My first full time job was in a very large Japanese company right outside of New York City. I liked working near the City because of the cultural and social amenities it affords to its inhabitants. There are few places like New York where large segments of one ethnicity can live in a distinct community, right next to another large group of another ethnicity. Just think of how Little Italy sits right next to China Town. The line between them is blurry because there is no real boundary, pizza shops live next door to Chinese bodegas and it seems natural in New York. Not even the planned juxtapositions in EPCOT Center in Disney work as well.
My office was more than 50 percent Japanese, and sometimes it was just like working in another country. Not only was I in an ethnic minority there, but the Architectural Division was a much smaller part of the corporate structure than the Construction Division, housed in the same building. It was a completely different world to me.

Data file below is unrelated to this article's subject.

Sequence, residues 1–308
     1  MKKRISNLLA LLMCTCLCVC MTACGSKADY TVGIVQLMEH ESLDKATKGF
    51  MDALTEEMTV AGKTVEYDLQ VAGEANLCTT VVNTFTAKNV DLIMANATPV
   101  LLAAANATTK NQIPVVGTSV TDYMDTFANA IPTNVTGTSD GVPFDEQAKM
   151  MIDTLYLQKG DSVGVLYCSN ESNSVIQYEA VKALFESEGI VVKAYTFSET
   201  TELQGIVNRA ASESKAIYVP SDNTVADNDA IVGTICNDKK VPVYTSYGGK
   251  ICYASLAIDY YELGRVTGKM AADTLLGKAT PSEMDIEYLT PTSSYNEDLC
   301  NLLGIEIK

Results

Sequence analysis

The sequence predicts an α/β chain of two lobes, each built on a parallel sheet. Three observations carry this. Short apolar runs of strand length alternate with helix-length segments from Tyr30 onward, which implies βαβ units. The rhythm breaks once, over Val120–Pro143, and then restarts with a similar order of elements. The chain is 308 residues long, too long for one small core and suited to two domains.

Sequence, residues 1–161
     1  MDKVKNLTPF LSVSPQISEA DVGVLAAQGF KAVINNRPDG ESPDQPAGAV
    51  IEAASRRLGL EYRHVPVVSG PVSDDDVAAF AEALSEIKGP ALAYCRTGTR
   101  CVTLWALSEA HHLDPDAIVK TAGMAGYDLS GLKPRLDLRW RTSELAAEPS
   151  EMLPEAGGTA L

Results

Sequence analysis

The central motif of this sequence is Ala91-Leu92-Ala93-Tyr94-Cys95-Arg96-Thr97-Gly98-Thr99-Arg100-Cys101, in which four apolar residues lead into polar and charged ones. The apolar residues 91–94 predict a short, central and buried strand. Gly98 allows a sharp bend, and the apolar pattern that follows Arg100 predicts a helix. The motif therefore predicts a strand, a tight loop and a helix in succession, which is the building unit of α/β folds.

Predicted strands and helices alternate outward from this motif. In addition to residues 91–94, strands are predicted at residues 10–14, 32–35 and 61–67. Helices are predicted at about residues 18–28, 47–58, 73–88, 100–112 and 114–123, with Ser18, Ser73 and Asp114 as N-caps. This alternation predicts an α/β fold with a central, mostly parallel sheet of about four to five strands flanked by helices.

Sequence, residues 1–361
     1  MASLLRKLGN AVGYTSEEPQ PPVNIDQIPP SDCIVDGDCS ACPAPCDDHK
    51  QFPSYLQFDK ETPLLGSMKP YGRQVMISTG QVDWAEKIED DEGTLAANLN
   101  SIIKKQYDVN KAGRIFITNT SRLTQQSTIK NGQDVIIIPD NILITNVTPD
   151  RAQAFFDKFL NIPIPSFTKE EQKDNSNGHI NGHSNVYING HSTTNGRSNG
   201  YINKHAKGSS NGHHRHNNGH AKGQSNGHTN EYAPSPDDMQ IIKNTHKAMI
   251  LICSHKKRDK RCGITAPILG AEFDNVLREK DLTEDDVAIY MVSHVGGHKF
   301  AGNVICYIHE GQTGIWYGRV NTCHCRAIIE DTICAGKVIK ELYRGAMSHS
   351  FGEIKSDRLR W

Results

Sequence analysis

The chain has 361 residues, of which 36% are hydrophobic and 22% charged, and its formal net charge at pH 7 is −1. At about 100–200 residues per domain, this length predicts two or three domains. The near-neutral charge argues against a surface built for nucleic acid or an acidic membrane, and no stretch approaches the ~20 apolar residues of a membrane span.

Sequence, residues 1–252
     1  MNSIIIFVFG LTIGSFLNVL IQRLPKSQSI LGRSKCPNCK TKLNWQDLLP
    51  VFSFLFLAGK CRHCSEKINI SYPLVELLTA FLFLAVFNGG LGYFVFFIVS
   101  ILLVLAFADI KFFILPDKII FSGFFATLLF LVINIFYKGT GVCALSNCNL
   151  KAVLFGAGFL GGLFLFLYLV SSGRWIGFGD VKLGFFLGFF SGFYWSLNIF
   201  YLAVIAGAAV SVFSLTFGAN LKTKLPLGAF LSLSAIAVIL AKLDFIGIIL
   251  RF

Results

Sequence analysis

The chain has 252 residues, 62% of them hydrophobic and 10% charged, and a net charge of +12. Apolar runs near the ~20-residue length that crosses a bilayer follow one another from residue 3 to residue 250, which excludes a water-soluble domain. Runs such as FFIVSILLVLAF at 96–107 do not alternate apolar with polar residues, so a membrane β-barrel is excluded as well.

At one time, the office was working on a very large competition to design a Japanese Corporate Headquarters in the Midwestern US. I was given a very small part to work on in the grand scheme of things, but I was none the less invited to the design meetings held in-house. I presented the things that I was working on to the group, as I might have done in any office, but to my surprise, I was invited to leave the meeting after my portion was discussed because, as my boss said, “we want to speak Japanese now.”
I didn’t really have anything else to add to the meeting, but as an intern right out of college, it would have been valuable for me to hear the rest of the discussion. At that exact moment, I realized that I either needed to learn Japanese or I needed to go somewhere else. I figured I was too old to learn a different language, especially one that doesn’t read left to right.